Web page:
Can Oil get this expensive?

  HCOOH 16:51 01 Nov 2007
  Diemmess 17:37 01 Nov 2007

"Internationals" control our supply and price of oil within the EU not our relatively emasculated governments.

USA has long tried to save their own natural fields and imported from elsewhere, the Middle east and so on.
Now China and India are big players too.

Whatever smokescreen is being laid about "save the planet and recycle everything", it hides the brutal fact that extraction is becoming more and more expensive while demand seem to rise and rise.

In the early 70s when my four children were small we bought a Range Rover and enjoyed piling everyone and everything into it for camping holidays in the sun.
A friend who rendezvous'd with us on the first such holiday, said "Enjoy it while you can"
That was in the days when petrol cost me 20p/gallon. (the garage down the road is selling diesel @ £104.9 per litre!)

  oresome 19:17 01 Nov 2007

I think we are now around the half way mark.

That is, half the world's oil reserves have been used up and it will get increasingly difficult recovering the other half. So don't expect it to get any cheaper!

  HCOOH 21:29 01 Nov 2007

I think petrol was about 33p a gallon in 1970 as I remember.

  bluto1 21:53 01 Nov 2007

I remember getting a tankful for less than 10 bob, for my Ariel Red Hunter in 1957.
When I bought my house in 1973 I had oil fired central heating built in and the cost of the 500 gallon tank plus 500 gallons of oil cost £57.75. My current oil bill, which I pay monthly is £75.00 a month.
You're right, the oil cartels, who coincidentally control the price of gas, have us over the proverbial barrel.

  Quickbeam 00:55 02 Nov 2007

I think my first gallon was 54p in '74... it had just gone up sharply over some scare or another (Suez?).

Tomorrow I will have to pay £100.99 for a litre (I'll have to treasure that litre:).

I fear that as I said in the other thread, once the cheapest litre is over £1, it will never again drop below that price.

  robgf 01:11 02 Nov 2007

"I think my first gallon was 54p in '74... it had just gone up sharply over some scare or another (Suez?)."

The Suez crisis was somewhat earlier, around 1956.

The petrol crisis in the 70s was the arabs cutting the oil supply, over western support for Israel.
I worked in a petrol station around 1977 and we used to fill the four star tank with half four star and half two star, to eke out the supply. (probably illegal!!!)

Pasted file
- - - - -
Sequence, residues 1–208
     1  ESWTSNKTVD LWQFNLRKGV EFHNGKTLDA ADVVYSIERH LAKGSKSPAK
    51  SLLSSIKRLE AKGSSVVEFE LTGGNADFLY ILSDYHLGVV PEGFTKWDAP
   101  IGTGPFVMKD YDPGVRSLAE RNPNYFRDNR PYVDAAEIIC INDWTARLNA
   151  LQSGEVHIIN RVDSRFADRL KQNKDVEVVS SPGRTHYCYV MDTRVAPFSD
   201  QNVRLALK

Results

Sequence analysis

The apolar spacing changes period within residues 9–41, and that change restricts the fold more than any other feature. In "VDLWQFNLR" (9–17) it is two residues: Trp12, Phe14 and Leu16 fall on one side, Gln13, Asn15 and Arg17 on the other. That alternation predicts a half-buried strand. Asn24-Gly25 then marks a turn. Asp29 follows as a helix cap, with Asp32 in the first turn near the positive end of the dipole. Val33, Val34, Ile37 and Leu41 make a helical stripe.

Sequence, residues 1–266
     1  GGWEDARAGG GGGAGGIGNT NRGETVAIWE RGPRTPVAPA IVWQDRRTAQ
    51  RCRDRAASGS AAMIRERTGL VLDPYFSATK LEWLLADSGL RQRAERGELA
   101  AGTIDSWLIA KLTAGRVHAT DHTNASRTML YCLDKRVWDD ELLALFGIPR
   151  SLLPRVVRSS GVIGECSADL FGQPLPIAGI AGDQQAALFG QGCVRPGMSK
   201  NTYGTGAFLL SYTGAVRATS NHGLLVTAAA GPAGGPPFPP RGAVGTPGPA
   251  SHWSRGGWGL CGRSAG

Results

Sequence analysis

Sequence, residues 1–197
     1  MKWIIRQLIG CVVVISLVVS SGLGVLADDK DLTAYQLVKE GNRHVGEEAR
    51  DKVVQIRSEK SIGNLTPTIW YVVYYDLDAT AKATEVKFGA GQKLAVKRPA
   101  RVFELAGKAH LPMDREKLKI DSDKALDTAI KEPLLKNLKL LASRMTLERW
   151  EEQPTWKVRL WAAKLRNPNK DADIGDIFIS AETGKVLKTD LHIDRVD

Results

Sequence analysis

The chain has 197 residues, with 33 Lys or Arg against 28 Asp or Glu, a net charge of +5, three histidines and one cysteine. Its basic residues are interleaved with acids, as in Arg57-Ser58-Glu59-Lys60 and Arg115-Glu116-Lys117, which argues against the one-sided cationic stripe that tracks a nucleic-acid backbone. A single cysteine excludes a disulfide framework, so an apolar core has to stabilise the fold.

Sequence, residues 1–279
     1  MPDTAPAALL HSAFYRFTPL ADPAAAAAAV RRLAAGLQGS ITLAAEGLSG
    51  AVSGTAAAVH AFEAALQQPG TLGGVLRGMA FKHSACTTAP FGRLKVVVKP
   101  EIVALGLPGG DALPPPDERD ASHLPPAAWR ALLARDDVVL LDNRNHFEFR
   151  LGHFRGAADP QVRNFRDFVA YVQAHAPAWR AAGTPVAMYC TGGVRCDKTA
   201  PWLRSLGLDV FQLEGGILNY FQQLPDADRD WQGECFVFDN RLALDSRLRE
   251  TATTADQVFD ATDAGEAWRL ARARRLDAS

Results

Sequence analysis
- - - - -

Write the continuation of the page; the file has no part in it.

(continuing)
Diemmess 09:09 02 Nov 2007

My prophetic friend made his remark before the '73 fighting in Lebanon. (see first post)

My Range Rover was bought with an unexpected legacy. (£2100 delivered to my door)
The marque had been selling for less than a year and was a very basic car in those days.
Rear window wiper and several dashboard gauges were unfitted extras!
Vinyl floor and moulded seats which cracked in 5 years

The V8 was an obsolete (Buick?) engine, the car built on a Friday afternoon, rust on the tailgate in six months lots of broken glass rattled in dashboard from a pre-delivery replaced windscreen.

More serious was brake failure which cleared after a frantic stab at the pedal, but had the servo replaced pdq.

The oil suddenly drained out of the gearbox when it had done 3000 miles because the oil pump retaining bolts had never been properly tightened. The engine had to be removed to remove the clutch bell housing to reach the culprit.

The handbook said the engine was designed to run on 92 octane petrol and there was no point in using a higher grade. - Result a dire need to de-coke after about 5 years. and thereafter had some 2 and some 4 star when thirsty.

That said, in its later years having carted family all over the place it was useful carrying concrete blocks, stone and general building suppies for mammoth DIY job, and when I retired I sold it age 19 for £1800.

Anyone know the whereabouts of EHU 59 K these days?
My mother described its "Sahara Gold" colour as "Dirty Nappy"

  Stuartli 09:23 02 Nov 2007

Oh come off it...:-)

I used to pay 35p a gallon in the early 1970s.

  HCOOH 09:37 02 Nov 2007

Have you used it all up yet?

  MrBen CI:-) 09:48 02 Nov 2007

The fact OPEC is not upping production means prices will continue to spiral upwards for the forseeable future.

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